Danny!: The Best of What’s Next

Music Features

To make your television debut on the eve of your record’s release is a big deal, sure. To do so alongside The Roots—whose drummer serves as the co-founder of Okayplayer, the label you’re releasing said record on—is the stuff of dreams for a young musician. And to additionally consider the fact that your album is the flagship release for the relaunch of Okayplayer, which has more or less been dormant for the better side of a decade? That’s a whole lot to handle, but for Danny!, the latest beat-crafter and rhyme-rouser to turn the biggest heads in hip-hop, it’s all in a day’s work.

Riding the ascending riffs, honeyed background vocals and metallic palpitations of “Evil,” the first single off of Payback, Danny! took to Fallon’s stage in September with the dexterity and ability of someone who’s been at it long before Questlove ever looked his way. Danny!—who’s previously released material under his given name, Danny Swain—has worked toward this for the past 10 years, self-producing his way from DIY releases to recording contracts with Definitive Jux and Interscope before signing with Okayplayer in 2011. Though Payback was initially intended for an Interscope release, it was the shift to Okayplayer that provided a burst of much needed inspiration for Danny! and the move that propelled him towards the completion of the record.

“I was in the processs of writing and recording Payback when I switched labels,” he recalls. “There weren’t too many ‘A-HA!’ moments before, or anything like that. Halfway through writing it I started to really get motivated—I wanted to put the album out, but I wasn’t sure it was ready. I just wanted to make sure it was done. Once Interscope dropped me and Okayplayer took me in, I felt more of a sense of urgency and more of a love for the reason why I started working on the album in the first place.”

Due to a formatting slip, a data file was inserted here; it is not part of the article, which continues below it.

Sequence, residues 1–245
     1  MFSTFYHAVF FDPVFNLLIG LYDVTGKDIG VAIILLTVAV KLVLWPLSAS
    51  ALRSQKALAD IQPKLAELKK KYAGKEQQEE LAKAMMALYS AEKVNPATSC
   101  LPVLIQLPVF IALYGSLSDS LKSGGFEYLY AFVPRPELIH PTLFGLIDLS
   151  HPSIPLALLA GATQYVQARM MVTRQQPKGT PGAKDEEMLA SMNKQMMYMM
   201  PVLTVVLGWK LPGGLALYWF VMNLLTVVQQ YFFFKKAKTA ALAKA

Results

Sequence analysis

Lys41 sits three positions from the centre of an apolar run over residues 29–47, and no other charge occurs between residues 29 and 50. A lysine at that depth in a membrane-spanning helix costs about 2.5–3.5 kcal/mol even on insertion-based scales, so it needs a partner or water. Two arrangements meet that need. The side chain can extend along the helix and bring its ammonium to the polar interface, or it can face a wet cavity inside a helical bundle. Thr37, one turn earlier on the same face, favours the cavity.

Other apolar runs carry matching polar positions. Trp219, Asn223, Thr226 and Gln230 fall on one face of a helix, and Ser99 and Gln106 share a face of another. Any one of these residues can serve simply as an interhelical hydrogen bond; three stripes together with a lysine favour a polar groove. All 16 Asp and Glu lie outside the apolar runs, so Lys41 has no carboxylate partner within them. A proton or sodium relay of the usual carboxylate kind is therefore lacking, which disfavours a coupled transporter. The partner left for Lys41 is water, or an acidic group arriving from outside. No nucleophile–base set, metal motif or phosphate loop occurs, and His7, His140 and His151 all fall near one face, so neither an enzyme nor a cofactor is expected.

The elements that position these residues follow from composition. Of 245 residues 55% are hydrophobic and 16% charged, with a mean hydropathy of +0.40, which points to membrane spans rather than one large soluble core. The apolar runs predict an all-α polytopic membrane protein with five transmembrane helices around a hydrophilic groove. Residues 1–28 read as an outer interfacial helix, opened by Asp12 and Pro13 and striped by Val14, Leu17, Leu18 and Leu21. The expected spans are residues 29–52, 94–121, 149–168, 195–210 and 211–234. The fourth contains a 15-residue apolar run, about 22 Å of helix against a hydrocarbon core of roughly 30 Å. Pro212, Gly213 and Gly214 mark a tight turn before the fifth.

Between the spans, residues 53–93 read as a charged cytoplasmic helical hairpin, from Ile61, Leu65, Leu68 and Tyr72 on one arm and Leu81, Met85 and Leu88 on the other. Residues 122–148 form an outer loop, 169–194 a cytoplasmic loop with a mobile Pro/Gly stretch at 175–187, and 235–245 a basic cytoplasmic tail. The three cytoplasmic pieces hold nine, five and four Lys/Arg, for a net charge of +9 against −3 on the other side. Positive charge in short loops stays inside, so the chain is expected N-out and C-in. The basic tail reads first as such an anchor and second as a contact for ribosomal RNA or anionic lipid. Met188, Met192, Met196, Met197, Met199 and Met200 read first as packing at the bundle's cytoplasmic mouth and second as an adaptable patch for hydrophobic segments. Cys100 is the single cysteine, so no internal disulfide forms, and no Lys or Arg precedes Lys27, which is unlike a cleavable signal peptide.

Throughout this transition, Danny! felt particularly drawn to hip-hop and R&B hailing from the mid ‘90s-Y2K, and its pervasive influence provides a plethora of gotcha! moments where recognizable samples strengthen his lyrical arsenal—namely the cooing baby from Aaliyah’s “Are You That Somebody?” in Payback’s intro, and the chorus from Missy Elliott’s “Gossip Folks” on “Go That-A-Way.”

“I was listening to a lot of Timbaland and Missy Elliott songs from the ‘90s, and I was like, ‘Man! They were so ahead of their time!’” he says. “That stuff was so innovative back then, and to hear it today, it still sounds great. No one has carried that torch. In a sense, I wanted to be the one to just bring that sound back, taking Timbaland’s beats over and starting from scratch for the most part. I had basic parts for most of the lyrics, but I wanted to revamp them and make sure the songs would stand the test of time, in that I feel like some of the production I had originally was kind of dated back a couple years. I definitely wanted to tip my hat to a lot of people on the album.”

Even “Evil” reflects Timbaland’s fondness for strings and cinematic sitar cameos, and as Danny! plows into the bridge awash in a contrasting flurry of warm violin strains and strident cymbal crashes, a beatboxing sample from a remix of Elliott’s “Hit ‘Em Wit’ Da Hee” wraps up the drawn out creative process behind his most ambitious album to date in a matter of four lines: “Sometimes I feel like doin’ a beat/Sometimes I don’t/Sometimes I feel like movin’ my feet/Sometimes I won’t.” The September Fallon performance of “Evil” in particular frames Danny! in his ideal setting, surrounded by like-minded musicians as he belts out Timbaland’s verse before leaping into his own rhymes.